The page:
Year 12 students across the state are looking to the future after Victoria Certificate of Education results were released last Friday.
The Latrobe Valley is home to more than a few high-scoring students from the 2017 cohort, with St Paul’s Anglican Grammar School’s dux Hannah Robertson-Sas receiving 99.30.
Lavalla Catholic College equal duces Tobias Duffy and Collette Dawson both received ATAR scores above 97, while Gippsland Grammar student Jasmine Doultree received 98.85 and Xavier Monacella, also of Gippsland Grammar, received 95.75, putting them all in the top five per cent of the state.
Hannah said she was “pretty stoked” with her score and plans on studying secondary teaching at university next year.
“I didn’t find [year 12] stressful because I chose subjects that I have a passion for,” she said.
“My teachers inspired me so much and I have such a passion for those subjects… I really enjoy instilling that passion in others as well.”
Tobias wants to study a Bachelor of Music at Melbourne University.
“I play classical trumpet,” he said.
“For the past two years, every Saturday, I’ve been going down to Melbourne to play in the Melbourne Youth Wind Symphony, which has really broadened my experience of music and the networking side of music, so I’m really looking forward to next year.”
Collete said she was unsure of what she wanted to do career-wise, however. She also hopes to travel.
“I’ll see how I go but I don’t really want to enter into a course that I might not be happy with.
“Mainly, I just want to go overseas … so that might help me figure out what I want to do,” she said.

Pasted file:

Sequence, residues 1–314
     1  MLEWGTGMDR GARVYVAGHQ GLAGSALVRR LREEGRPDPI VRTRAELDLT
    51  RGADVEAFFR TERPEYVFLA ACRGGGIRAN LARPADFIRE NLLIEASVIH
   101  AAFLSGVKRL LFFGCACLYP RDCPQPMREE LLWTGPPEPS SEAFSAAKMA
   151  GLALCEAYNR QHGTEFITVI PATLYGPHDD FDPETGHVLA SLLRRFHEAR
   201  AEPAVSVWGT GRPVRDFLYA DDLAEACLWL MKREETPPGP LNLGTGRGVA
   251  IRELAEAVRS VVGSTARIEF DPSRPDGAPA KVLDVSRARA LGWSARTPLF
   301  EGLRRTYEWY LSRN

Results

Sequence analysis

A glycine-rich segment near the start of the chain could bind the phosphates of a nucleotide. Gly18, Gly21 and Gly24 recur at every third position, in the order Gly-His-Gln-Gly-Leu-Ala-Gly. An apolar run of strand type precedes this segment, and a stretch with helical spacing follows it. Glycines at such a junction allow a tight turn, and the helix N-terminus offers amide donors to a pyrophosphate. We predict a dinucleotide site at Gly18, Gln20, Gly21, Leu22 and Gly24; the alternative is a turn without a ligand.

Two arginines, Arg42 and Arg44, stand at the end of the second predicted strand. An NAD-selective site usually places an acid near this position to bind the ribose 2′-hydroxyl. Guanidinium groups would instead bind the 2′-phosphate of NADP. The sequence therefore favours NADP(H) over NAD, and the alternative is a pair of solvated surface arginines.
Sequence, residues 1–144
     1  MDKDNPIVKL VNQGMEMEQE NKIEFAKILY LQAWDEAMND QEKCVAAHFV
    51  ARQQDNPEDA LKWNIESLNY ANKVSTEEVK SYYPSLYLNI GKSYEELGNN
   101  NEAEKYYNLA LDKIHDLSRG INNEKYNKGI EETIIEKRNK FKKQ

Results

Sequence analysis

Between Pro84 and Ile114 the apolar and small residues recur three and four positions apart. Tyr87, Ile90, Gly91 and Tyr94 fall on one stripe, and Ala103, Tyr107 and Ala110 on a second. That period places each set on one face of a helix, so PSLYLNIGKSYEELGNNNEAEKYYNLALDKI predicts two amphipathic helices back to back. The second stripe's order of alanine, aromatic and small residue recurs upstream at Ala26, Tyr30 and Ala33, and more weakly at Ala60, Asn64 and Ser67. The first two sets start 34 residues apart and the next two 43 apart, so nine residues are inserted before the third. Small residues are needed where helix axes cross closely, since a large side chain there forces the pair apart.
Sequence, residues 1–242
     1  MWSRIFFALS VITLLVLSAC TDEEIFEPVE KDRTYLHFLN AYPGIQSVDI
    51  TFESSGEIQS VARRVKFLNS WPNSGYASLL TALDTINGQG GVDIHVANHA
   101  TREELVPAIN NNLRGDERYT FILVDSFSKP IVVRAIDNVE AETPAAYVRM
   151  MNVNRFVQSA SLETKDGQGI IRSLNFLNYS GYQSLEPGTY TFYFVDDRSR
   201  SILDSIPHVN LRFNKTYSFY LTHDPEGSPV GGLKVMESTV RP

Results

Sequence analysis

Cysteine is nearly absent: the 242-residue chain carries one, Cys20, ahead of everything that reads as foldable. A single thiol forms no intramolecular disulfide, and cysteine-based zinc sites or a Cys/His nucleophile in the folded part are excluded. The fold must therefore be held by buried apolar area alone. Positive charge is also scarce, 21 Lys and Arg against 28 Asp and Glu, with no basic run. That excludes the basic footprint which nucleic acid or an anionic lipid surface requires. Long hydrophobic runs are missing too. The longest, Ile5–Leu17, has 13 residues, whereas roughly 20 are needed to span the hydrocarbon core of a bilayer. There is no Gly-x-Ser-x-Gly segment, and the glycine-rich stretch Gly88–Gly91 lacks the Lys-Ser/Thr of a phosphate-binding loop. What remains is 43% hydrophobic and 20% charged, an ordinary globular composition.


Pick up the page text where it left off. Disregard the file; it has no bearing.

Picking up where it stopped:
Collette said year 12 could be stressful at times, however, was happy with her final score.
“Most of the time it didn’t really feel like work because they were subjects that I was actually interested in, so I was happy to do the work.”
Traralgon College principal David Mowbray said the story of the 2017 dux, Hannah Fortune, was a “great story, for us and any student.”
“She has been battling for three years with a debilitating illness that has caused her to do her VCE over three years,” he said.
“In terms of persistence and resilience … we are very fortunate she is at our school and that she is a great role model.”
Hannah told The Express year 12 had been “challenging, but definitely worth it.”
Mr Mowbray said while there were some students who hadn’t performed as well as they would have liked, the school had some really strong subject results.
Headspace clinician Alice Lieshout said many students may have set high expectations for themselves and could be left feeling disappointed following the release of the VCE results.
“The main point we wanted to get across was that the ATAR score you achieve doesn’t define you as a person,” she said.
“There are other pathways to achieve your career goals.”